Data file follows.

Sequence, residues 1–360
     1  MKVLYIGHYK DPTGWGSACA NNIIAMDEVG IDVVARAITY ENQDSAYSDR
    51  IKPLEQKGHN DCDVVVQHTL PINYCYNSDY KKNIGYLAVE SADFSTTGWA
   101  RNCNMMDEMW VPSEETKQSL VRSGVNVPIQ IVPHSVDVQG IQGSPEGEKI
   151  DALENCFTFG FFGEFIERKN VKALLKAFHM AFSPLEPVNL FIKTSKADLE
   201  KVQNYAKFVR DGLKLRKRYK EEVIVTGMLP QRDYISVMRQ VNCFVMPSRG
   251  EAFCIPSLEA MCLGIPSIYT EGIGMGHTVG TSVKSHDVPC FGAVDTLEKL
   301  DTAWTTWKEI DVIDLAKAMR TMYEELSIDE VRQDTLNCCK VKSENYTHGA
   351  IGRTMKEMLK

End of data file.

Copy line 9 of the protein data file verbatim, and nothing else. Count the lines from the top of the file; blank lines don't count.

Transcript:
   351  IGRTMKEMLK